Phone Number: 833-448-1681 | Email: firstname.lastname@example.org
THE COMMISSION DOES NOT ACCEPT FILINGS BY EMAIL. PLEASE DO NOT EMAIL THE OMBUDS DEPARTMENT ANY DOCUMENTS YOU ARE TRYING TO FILE WITH THE COMMISSION.
The Ombuds Department is a free, confidential resource to provide information and assistance to workers, employers and other parties who are not represented by a lawyer, and who need help understanding the workers’ compensation system. The Ombuds Department is headed by the Ombudsman.
The Ombuds Department cannot give legal advice, but can give information and discuss the options that are available, which allows an unrepresented party to make an educated decision about how to proceed. The Ombudsman Guidelines provide an explanation of what help assistance can and cannot be given.
If you have questions regarding workers’ compensation, and are not represented by or have an attorney on retainer, whether you are a worker, an employer, an insurer, or health care provider, you can contact the Ombuds Department with your questions at toll free: 1-833-448-1681
An Ombudsman can:
- Provide information on where to find a lawyer.
- Tell a party about law libraries and websites where case law can be found.
- Provide related Rules, Statutes and case law as they apply to workers’ compensation.
- Give a party information about the Statutes and Rules of the VWC.
- Explain VWC’s procedures, as well as what a party can expect in a hearing, and what steps need to be taken to appeal.
- Supply information, brochures, and contact information about mediation and ADR programs.
- Give information to unrepresented parties about how to get a hearing scheduled.
- Explain the importance of giving important documents and other information to the VWC and other parties as required by the Rules.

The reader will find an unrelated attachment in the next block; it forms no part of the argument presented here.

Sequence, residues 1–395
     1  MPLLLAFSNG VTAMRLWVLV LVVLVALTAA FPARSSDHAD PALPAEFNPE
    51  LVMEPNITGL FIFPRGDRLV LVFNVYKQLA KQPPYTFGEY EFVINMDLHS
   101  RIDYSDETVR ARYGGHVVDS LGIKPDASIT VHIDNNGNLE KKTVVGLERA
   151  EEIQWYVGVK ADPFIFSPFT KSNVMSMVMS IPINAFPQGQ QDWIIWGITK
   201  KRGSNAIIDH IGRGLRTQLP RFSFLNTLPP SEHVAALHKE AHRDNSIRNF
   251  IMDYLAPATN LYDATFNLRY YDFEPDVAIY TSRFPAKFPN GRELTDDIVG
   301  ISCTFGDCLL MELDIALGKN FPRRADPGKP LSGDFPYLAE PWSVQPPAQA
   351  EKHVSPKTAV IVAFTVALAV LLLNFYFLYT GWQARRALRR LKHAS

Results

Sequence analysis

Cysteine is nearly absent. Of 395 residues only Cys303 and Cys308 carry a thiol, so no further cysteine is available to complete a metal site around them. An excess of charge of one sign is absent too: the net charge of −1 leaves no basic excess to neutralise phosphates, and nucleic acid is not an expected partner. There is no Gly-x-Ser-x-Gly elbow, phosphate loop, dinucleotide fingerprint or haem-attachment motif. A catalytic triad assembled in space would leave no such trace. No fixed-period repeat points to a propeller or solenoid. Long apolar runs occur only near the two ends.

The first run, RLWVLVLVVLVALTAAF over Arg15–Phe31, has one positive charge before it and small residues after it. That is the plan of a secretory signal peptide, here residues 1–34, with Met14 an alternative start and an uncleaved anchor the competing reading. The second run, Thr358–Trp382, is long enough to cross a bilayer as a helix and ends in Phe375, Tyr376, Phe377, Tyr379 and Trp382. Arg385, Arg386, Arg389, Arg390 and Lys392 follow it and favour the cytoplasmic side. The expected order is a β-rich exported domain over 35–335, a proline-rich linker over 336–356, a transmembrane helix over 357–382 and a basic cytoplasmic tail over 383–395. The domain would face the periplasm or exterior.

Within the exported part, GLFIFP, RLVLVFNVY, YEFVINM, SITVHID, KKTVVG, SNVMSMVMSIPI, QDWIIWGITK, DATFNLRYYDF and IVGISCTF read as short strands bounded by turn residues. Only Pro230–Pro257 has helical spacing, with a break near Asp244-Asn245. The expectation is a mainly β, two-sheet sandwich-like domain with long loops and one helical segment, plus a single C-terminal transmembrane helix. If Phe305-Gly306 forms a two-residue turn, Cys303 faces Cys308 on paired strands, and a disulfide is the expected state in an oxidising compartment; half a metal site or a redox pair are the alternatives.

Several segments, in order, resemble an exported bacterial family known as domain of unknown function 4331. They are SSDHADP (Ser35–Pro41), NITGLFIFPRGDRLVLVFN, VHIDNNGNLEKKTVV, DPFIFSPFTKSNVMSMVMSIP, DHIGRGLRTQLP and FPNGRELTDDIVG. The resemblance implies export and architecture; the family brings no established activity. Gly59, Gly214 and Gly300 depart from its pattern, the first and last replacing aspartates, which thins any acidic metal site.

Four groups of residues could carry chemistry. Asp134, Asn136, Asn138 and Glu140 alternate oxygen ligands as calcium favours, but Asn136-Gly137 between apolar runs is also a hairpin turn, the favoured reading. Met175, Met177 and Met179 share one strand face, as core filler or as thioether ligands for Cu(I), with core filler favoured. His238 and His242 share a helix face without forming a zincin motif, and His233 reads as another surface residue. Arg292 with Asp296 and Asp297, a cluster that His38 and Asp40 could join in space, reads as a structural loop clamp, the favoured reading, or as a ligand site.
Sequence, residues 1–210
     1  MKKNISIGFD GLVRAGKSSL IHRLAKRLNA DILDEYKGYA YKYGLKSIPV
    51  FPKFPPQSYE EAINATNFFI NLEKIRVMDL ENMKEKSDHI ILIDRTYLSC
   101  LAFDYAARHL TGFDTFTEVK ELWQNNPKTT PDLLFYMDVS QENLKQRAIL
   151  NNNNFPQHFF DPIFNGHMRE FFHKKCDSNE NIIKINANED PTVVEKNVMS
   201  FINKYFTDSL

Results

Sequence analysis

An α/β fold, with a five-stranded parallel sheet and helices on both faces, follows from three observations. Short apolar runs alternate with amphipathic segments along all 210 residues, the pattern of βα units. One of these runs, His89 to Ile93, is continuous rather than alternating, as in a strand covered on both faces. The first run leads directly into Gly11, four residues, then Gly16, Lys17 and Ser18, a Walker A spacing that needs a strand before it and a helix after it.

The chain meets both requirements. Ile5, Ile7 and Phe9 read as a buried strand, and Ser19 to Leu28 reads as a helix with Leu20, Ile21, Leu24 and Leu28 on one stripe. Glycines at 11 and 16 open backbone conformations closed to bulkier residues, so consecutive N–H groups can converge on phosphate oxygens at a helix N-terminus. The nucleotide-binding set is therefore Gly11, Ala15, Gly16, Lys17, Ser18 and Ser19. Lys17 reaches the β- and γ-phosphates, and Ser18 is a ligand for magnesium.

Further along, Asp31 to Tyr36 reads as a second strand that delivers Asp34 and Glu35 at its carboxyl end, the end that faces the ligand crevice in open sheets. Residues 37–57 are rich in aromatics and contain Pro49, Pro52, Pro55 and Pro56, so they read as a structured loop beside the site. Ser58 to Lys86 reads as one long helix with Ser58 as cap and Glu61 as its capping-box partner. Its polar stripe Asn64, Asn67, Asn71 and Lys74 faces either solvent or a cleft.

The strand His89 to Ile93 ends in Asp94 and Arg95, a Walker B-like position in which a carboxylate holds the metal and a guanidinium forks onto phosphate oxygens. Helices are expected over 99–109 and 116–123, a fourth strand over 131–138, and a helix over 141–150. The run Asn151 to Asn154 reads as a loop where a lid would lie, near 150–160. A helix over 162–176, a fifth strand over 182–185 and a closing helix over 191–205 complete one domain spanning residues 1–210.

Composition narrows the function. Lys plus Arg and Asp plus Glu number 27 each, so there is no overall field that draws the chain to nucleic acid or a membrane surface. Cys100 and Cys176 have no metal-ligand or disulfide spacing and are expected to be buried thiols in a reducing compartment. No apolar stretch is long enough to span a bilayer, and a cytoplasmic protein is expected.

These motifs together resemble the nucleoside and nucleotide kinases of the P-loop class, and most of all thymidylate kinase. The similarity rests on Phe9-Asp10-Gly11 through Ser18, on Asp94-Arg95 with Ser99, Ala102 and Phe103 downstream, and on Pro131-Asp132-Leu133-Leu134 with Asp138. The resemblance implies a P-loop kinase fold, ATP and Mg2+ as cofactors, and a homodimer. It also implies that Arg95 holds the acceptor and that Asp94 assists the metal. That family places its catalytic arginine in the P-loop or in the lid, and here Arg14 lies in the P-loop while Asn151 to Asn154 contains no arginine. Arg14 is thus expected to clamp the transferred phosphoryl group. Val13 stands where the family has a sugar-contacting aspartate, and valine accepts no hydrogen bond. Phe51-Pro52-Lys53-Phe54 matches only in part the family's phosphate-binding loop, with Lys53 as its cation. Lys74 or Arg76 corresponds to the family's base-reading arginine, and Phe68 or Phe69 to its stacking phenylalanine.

- Give information from a party’s file.
- Explain and answer questions about how the VWC works. This includes explaining basic workers’ compensation legal terms, basic legal principles, the burden of proof required to win at a hearing, explain any defenses raised and what each defense means, and what types of information may be used to defend against such a defense, explain how to obtain medical evidence and how to calculate average weekly wage and how to use that number to then calculate other benefits, and offer options and discuss the potential ramifications of those options.
- Give information about other local, state, and federal agencies that may be able to help.
- Talk to a party in their own language.
An Ombudsman cannot:
- Give the name of a specific lawyer.
- Do legal research for any specific fact issue.
- Interpret any VWC documents or tell any party what they should do.
- Tell a party whether or not they should file a claim or ask for a hearing.
- Evaluate the claim and explain the strengths and weaknesses of the case to the unrepresented party.
- Tell a party whether to appeal or what issues to appeal.
- Tell a party what words to use on any paperwork.
- Tell anyone what to say in a hearing, mediation, or a deposition.
- Review or comment on intended statements anyone intends to make in writing prior to the mediation, deposition or hearing;
- Appear at a hearing, mediation, or at a deposition for or with anyone.
- Give legal advice, or tell anyone what to do.
- Tell a party what the value of the claim is.
- Talk to the judge or anyone else about the workers’ compensation case.
- Testify for or against anyone in a workers’ compensation hearing.
Making a Referral to the Ombudsman
If you want to ask the Ombudsman to contact someone, you can ask the Ombudsman to call and offer some assistance. This is called a referral. Here is how to do it:
- Verify that the person/party being referred is not represented by an attorney.
The Ombudsman cannot speak to anyone who is represented by an attorney.
- Send an email to Ombuds@workcomp.virginia.gov
Put “Referral” in Re line
In the email’s body, include as much information as you can, for example:
- Telephone number
- Reason for referral
- Any background you think the Ombudsman needs to know, such as whether an interpreter will be needed or whether the person being referred knows that a referral is being made.
The Ombudsman will then contact the person and ask if they would like assistance.